Having the noun version of hope is a little trickier. Everyone needs it, should have it. This rant is in no way criticizing or belittling folks who have it. It’s just that my hope has always been tempered with reality and a desire to avoid the delusion I think is harmful in the Pinkification of the cancer story. But here I have to question myself. I went for a mammogram at age 38 because my 48 year old aunt had just been diagnosed. “She’s too young,” I thought then. When my nipple inverted a month later, I told myself that despite the fact that family history meant a higher likelihood of my own cancer, it seemed ridiculous that I would get cancer at the same time, and at my younger age. “What are the odds”, I thought. Or was I hoping? I still don’t know what the odds are in my scenario. Doesn’t matter anyway, because I did have cancer, right then and there, 5 days shy of turning 39 years young. Back then, I did not know my chances were 1 in 233, rather than the ballyhooed 1 in 8. Still, as much as that 1 in 8 is used in fear-mongering marketing tactics, I would think, well, I’ll be 1 of the other 7. Or did I hope it? Does everyone think/hope they’ll be one of the other 7 (or 233)? I’d guess yes. Fear can drive us to mammograms of questionable usefulness, but the whole time we figure we’ll be one of the others, not a “1”, at least, not just yet.

So my reality-laced hope, or hope-laced reality, comes with thinking about odds and likelihoods, and yet I still seem to draw the short straw. Against hope and odds, I was a “1”, not one of the other 232. This fact was and is an effective destroyer of hope for me. To be fair, it is not just in matters of cancer I’ve drawn short straws. There’ve been many times of getting that short straw in other areas of my life that have taught me to hope that things will go the way of the bigger odds—but look out for that unlikelihood off to the side. It can happen, it did happen too many times to me, and I learned that hope is not so useful to me. Preparing for the worst, bracing myself, serve me better. 

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But I sit here today, waiting to get an MRI that will tell me if my cancer has returned, or if I’ve got a new one. I am utterly helpless, powerless, to do anything about it. The only activity I can engage in is to hope that I’m not joining the smaller number again, in this case the 30% of mets patients. Granted, my brand of hope is not the smiling Pink kind. My brand has a black rock group t-shirt, tattered jeans, black nail polish, greying hair, and a snarl. Because that is who I am—not an effen feather boa in sight.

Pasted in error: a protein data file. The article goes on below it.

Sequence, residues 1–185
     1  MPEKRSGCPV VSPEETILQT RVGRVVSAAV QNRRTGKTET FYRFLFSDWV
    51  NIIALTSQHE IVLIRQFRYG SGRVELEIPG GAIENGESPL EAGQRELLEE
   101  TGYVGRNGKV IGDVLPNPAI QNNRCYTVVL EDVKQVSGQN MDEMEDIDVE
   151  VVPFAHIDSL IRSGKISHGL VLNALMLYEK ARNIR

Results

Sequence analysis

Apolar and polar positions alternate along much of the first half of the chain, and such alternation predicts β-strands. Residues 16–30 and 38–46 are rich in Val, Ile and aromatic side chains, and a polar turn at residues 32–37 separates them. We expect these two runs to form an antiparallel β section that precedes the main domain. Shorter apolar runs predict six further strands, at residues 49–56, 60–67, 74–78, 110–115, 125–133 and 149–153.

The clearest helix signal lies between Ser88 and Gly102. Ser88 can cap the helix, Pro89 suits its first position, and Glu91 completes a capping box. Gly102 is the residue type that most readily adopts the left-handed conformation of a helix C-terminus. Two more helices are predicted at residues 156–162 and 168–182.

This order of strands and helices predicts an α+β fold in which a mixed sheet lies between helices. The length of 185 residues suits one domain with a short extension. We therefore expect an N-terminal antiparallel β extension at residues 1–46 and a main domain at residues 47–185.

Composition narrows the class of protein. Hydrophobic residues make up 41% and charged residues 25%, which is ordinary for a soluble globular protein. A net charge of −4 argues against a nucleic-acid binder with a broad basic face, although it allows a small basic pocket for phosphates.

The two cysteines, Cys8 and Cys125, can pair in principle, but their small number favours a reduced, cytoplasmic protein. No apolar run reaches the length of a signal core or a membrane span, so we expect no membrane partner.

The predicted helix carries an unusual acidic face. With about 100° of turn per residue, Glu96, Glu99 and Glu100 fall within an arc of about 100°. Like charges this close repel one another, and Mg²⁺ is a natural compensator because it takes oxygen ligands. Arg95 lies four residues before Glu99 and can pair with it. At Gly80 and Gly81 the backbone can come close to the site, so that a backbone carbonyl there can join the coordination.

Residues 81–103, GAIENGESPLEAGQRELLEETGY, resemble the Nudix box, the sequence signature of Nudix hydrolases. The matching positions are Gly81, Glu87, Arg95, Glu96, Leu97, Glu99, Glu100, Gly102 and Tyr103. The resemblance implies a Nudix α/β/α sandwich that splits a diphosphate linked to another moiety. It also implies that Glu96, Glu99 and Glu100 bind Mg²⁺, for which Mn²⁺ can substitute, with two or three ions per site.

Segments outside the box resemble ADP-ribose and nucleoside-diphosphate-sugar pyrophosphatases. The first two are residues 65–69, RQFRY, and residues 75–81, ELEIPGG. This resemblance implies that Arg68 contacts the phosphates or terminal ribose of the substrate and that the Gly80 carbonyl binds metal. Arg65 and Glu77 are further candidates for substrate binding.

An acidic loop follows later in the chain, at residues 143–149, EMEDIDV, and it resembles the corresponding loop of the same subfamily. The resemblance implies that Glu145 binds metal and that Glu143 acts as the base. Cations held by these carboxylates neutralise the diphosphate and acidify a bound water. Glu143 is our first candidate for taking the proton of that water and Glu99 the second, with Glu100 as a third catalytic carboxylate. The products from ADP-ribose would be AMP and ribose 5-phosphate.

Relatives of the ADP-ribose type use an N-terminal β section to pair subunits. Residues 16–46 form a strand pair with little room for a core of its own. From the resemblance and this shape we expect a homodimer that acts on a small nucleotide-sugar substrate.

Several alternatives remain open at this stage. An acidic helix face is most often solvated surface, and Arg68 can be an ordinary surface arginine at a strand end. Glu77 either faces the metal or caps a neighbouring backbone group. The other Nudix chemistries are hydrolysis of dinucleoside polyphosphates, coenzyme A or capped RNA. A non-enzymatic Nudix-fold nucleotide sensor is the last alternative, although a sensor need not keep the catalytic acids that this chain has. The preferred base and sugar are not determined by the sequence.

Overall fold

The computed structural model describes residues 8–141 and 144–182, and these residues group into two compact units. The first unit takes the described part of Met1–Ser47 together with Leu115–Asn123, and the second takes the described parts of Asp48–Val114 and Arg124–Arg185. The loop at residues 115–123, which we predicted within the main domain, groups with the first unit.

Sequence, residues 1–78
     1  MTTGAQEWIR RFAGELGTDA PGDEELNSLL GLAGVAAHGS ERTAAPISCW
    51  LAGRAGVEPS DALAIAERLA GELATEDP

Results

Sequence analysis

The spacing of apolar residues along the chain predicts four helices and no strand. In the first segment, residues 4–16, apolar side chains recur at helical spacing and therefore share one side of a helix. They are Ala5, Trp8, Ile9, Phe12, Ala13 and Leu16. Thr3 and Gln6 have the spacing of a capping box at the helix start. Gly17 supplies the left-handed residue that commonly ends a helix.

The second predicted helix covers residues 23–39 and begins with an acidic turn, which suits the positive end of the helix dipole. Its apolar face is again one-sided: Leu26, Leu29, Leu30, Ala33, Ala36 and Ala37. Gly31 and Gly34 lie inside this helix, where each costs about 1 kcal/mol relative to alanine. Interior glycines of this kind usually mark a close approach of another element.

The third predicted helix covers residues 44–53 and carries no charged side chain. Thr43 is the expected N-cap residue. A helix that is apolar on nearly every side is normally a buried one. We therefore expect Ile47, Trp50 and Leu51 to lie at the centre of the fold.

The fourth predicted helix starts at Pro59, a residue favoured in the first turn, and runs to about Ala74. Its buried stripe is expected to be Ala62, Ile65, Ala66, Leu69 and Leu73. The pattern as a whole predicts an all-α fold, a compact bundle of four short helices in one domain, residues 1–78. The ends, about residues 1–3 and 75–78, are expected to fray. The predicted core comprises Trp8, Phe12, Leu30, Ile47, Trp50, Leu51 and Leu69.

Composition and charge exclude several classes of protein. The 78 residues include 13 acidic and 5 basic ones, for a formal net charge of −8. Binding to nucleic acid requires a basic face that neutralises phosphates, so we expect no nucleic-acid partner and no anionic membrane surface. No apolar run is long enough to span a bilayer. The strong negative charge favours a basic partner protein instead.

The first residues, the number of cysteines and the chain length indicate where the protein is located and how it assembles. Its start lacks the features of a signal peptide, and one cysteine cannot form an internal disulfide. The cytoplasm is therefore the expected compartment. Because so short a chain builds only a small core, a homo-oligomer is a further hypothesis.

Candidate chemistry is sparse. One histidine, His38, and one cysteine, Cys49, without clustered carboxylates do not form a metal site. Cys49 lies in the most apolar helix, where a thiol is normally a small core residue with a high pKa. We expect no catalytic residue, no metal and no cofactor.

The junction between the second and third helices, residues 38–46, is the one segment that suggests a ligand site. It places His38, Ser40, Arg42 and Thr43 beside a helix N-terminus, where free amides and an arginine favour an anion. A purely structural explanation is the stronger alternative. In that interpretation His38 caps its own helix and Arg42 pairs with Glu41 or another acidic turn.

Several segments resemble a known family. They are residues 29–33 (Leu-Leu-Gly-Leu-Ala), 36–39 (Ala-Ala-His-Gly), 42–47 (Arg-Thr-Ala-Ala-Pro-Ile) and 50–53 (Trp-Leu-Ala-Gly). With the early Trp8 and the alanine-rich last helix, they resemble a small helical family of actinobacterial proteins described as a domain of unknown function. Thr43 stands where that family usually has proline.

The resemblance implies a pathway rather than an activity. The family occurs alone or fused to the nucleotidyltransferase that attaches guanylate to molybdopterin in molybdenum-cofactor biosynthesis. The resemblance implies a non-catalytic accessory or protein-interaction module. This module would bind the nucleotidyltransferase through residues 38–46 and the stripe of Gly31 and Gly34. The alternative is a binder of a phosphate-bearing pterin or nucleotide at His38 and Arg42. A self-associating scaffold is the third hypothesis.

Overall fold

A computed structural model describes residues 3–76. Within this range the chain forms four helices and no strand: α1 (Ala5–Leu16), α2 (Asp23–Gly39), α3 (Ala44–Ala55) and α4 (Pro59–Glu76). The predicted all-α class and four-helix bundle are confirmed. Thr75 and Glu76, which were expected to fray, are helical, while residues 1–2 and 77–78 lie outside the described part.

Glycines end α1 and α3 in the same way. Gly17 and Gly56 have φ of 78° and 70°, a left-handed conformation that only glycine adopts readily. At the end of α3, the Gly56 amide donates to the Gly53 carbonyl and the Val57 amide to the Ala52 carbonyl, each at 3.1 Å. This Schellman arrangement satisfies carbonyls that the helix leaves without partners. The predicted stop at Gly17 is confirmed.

What else can I do.

First Ribbon Problems

Preface to a Series of Rants Called Symbols Are Not Solutions

 Full disclosure: I have one of those stupid magnetic ribbons on my vehicle. It has been there since I got the car in 2004 and has been bleached white by time and sunshine. I can’t even remember the original color; I only remember it supports some animals/pets non-profit. I put it there before it ever occurred to me I’d one day get cancer, before I’d come to hate ribbons and ribbon culture. The thing is, I cannot peel it off now, the damn thing is seemingly welded onto the back of the car. Nine years is a long time.

I know as a breast cancer patient, my complaint against all ribbons is like having first world—or is it first ribbon?—problems, so I should not complain about ribbons and symbols, but I’m going to anyway. I know that I indirectly and directly benefited from Pink dollars and I’m grateful but I still want more and better. I recognize that since other ribbons/cancers do not get the same amount of attention, that some folks might think breast cancer patients who speak openly against Pink sound like whiny rock stars of the 90s, who complained about being rich and famous. But I hope that all the awful issues pointed out about pink ribbons can serve as an example of what can go wrong in any or all charity campaigns, since so many disease/ribbon campaigns seem determined to imitate Pink.

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It’s just that I’m flat out tired of all ribbons, and even more tired of the need for them. And I mean all the damn ribbons, not just that Pink bully ribbon. I’m tired of the assembly-line, factory-like process: someone gets an idea that a certain cause needs attention, assign the cause a color, assign it a month (who cares if that month already has many other causes assigned to it, except don’t chose October because then the newly anointed cause won’t get any attention, because, you know, boobies), make a ribbon, hold a charity event, and then forget about it every other day or month of the year.